By the time you read this, Patti Smith will have been in Japan for nearly a week. The iconic poet, author, painter and "Godmother of Punk" hasn't yet played a gig with her band; that will come later. First, Smith is reconnecting with a country with which her affinity runs deep.

"I've always loved Japan ever since I was a little girl," Smith begins. "I think it is because I was born right after World War II, and my father was stationed in the Philippines and the Solomon Islands during the war. He was very heartbroken when the Americans dropped bombs on Hiroshima and Nagasaki and he told me about that when I was very small. And I remember being such a little child, not quite understanding but being so sad about that and wanting to learn more about the country. So I have done a lot of studying about Japan since I was young and I wanted to come earlier on this time to speak to the people."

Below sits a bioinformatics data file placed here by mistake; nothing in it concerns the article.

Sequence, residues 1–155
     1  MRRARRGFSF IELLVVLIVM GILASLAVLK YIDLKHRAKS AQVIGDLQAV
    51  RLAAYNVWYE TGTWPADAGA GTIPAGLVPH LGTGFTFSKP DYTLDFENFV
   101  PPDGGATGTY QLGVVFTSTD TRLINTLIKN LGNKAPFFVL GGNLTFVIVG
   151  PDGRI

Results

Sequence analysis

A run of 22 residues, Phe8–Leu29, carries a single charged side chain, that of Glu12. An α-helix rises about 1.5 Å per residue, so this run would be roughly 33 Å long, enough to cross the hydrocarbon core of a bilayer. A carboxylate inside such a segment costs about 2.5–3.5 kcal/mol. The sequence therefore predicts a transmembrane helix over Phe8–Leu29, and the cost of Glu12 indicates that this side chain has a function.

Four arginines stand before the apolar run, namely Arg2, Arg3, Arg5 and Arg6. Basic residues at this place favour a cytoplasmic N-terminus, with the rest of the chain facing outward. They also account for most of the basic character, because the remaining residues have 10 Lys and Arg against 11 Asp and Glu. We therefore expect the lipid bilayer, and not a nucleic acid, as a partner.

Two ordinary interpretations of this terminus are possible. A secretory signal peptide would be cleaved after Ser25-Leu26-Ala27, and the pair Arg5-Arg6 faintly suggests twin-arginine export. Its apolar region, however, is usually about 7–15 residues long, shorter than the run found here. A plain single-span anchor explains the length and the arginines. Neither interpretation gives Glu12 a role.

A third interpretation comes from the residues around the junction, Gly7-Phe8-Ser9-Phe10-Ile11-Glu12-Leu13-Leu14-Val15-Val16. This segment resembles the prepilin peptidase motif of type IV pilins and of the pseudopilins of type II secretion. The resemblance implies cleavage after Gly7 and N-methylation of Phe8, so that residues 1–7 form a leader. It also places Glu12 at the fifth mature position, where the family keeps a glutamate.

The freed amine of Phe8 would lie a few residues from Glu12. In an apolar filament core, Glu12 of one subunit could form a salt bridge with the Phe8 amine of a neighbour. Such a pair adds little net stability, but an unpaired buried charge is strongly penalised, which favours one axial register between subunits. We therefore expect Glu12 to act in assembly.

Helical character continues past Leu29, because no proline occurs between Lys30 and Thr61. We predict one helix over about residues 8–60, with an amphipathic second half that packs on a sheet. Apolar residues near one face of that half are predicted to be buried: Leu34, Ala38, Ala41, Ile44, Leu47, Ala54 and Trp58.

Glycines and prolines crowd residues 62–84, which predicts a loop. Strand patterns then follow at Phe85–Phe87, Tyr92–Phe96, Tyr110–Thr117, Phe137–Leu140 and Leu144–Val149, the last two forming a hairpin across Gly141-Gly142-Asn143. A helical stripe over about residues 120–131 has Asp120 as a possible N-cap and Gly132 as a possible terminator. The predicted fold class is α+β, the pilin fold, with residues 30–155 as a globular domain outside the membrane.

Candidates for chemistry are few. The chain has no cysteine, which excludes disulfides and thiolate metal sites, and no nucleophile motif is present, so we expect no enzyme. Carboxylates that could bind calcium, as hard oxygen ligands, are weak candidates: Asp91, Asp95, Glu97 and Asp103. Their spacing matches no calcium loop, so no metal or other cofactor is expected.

Uppermost in Smith's thoughts are not Japan's "special charms" or the culture she "loves," although the enthusiastic way she talks about author Haruki Murakami suggests that is never far from her mind. Instead, Smith's first visit to the country since the Great East Japan Earthquake that occurred on March 11, 2011, is to be dominated by "helping the people in any small way possible." A charity concert is already arranged, while her gigs will become highly emotive when she sings "Fuji-san," a track written in response to the disasters and the highlight of last year's "Banga" album.